‘Book Smugglers’ exhibit at Jewish Museum Milwaukee | Wisconsin Jewish Chronicle

‘Book Smugglers’ exhibit at Jewish Museum Milwaukee 

In 1942, in Vilna in what is now Lithuania, a group of Jews worked to hide books, art, and other cultural artifacts from the Nazis. Led by poets Abraham Sutzkever and Shmerke Kaczerginskithe group was known as the Paper Brigade of Vilna, and it took and hid the items that had been part of the YIVO (the Yiddish Scientific Institute). 

Even after the war ended, the Paper Brigade continued their work, protecting the materials from the Soviets instead of the Nazis.  

Now, an exhibit about that little-known but fascinating episode of Holocaust history is heading to Milwaukee. “The Book Smugglers: Partisans, Poets and the Race to Save Jewish Treasures from the Nazis,” which runs from Jan. 19-May 19 at the Jewish Museum Milwaukee.  

The exhibit is set for a preview at the museum on January 18, with an introduction by Dr. Dan Haumschild, the museum’s education director, about the exhibit’s themes and their modern-day parallels. The preview will also include musical accompaniment from the Wisconsin Conservatory of Music, along with kosher wine and hors doeuvres 

The exhibit debuted at the Holocaust Museum Houston. Molly Dubin, Jewish Museum Milwaukee’s curator, said she was eager to bring it to Milwaukee.  

“Part of the Nazis’ grand plan in dealing with Jews was not just the eradication of life, but an intentional plan to eradicate culture,” Dubin said. “And part of that was towards looking to the completion of a successful genocide, and once that genocide had occurred, they really needed to know, prior to that happening,” all about the Jews.  

The Nazis, she said, dedicated resources to looting books, documents, arts and other Jewish artifacts.  

“The Nazis formed the Einsatzstab Reichsleiter Rosenberg – an agency for looting of cultural treasures, which operated all across Europe. There was a Special Department in the Einsatzstab Reichsleiter Rosenberg for looting of Judaica – books, manuscripts, documents, art and artifacts on Jewish religion, history and culture,” Durbin said. “This was used for the benefit of Judenforschung, Nazi-sponsored anti-Semitic Jewish Studies. Judenforschung served as the intellectual basis for the persecution of the Jews.” 

“They needed to study the Jews, because they needed to have all of this information about what his extinct culture would be,” she added. And because Vilna was known at the time as “Little Jerusalem.”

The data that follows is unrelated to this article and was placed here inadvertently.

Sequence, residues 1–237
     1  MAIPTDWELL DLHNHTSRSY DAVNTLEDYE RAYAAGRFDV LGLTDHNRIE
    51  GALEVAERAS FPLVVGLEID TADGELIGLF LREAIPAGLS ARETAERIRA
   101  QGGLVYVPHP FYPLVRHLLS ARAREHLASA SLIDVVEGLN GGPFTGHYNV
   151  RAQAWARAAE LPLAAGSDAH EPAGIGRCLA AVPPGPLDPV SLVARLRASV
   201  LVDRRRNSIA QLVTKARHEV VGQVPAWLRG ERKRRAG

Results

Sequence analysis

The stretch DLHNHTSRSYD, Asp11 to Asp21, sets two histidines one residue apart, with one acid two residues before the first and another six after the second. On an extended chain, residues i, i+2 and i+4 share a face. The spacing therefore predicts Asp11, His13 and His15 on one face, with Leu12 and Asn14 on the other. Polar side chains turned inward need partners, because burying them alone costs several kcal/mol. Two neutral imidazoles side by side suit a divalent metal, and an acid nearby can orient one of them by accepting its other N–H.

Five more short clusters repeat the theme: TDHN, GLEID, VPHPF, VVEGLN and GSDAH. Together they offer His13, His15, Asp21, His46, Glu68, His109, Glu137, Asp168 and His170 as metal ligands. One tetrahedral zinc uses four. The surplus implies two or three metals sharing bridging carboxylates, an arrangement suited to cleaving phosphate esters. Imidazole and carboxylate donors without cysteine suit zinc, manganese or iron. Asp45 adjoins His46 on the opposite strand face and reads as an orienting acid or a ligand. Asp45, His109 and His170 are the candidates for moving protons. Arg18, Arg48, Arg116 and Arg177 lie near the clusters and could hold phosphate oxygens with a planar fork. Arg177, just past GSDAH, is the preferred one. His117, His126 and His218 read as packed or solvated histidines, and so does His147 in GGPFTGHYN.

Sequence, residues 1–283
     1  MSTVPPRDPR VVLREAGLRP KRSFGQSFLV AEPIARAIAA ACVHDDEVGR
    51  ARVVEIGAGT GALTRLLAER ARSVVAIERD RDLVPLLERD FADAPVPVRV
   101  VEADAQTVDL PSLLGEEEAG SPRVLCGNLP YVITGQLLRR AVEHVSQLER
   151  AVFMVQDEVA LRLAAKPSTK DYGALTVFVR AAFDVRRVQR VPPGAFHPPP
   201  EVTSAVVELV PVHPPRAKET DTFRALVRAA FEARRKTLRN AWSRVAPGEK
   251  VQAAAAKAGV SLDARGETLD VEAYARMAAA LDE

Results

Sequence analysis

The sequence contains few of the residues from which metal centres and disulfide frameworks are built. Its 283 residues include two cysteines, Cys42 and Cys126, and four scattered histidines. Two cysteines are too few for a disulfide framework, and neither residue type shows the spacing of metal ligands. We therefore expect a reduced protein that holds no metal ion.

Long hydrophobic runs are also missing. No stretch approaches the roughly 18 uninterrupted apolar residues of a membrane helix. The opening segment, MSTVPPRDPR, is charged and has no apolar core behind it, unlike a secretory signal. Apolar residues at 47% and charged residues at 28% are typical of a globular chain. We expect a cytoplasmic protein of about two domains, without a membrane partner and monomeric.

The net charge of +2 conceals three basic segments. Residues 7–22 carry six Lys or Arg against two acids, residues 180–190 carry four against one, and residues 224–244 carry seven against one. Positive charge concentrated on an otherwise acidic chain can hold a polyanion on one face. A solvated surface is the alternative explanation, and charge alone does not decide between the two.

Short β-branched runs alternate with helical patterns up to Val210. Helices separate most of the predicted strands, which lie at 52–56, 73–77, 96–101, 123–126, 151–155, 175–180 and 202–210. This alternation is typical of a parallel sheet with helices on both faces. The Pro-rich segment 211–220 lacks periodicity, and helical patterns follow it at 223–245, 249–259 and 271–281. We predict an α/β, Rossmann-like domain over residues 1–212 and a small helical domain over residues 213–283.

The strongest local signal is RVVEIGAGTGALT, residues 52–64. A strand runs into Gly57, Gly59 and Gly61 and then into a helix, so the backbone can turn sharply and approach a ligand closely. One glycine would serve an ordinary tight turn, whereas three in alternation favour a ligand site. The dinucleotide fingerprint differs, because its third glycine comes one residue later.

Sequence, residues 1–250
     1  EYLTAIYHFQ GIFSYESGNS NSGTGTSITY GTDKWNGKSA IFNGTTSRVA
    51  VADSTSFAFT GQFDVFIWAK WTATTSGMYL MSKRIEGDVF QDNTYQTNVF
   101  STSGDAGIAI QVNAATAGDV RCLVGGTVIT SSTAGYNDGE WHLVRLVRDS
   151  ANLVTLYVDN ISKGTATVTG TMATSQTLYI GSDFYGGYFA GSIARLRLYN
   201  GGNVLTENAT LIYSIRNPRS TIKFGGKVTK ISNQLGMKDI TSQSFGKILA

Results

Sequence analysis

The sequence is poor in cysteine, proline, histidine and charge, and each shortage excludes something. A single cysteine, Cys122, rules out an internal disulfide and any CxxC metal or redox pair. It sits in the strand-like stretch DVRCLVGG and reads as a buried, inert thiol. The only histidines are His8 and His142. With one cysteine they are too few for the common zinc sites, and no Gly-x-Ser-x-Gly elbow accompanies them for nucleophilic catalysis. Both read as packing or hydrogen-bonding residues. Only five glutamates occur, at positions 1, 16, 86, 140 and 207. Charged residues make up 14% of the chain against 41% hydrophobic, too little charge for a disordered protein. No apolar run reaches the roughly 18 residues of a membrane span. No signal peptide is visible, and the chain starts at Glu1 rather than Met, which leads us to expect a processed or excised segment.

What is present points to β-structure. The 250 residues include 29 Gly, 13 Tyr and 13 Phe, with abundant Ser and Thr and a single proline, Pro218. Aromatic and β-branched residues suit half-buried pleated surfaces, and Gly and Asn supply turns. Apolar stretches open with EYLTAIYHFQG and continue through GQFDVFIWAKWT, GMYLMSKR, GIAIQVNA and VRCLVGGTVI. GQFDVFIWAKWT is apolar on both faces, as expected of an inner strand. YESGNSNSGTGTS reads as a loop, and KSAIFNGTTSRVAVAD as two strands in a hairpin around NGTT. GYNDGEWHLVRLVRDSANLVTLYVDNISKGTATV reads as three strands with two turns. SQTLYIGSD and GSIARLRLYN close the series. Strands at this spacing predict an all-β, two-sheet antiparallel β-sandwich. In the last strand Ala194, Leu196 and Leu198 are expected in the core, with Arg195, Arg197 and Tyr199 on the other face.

The people known as the Paper Brigade, she said, “devised a plan to rescue material.”  

“The people at the heart of the Paper Brigade were these very heroic everyday individuals who were literally risking their lives to save a book,” Dubin said. “They knew that culture was at the center of so much about their expression of humanity and representing all that they had developed and was kind of part of the foundation of who they were. So it was imperative to them to rescue some of those materials, clandestinely and at great risk to their lives.”  

The exhibit is based on a book of the same name by David E. Fishman, which was published back in 2017; the exhibit was first launched as a collaboration between the author and the Houston museum. The exhibit includes everything from film clips to text panels to graphic panels and photos.  

“We’re able to shine a light on this important story,” Dubin said. “And kind of pay tribute to these heroic individuals, and really the central role of the written word… to have had these individuals realize that there was chance that all of this could be destroyed, and there would be no record of this incredible culture and people and accomplishment, to have the forethought to risk their lives to save it.”  

Community free days will take place during the exhibit, including some in partnership with the Milwaukee Public Library. 

The Offenbach Archival Depot, in the American zone of occupied Germany – Courtesy of Yad Vashem, Israel
Strashun Library – Courtesy of the Vilna Gaon Jewish State Museum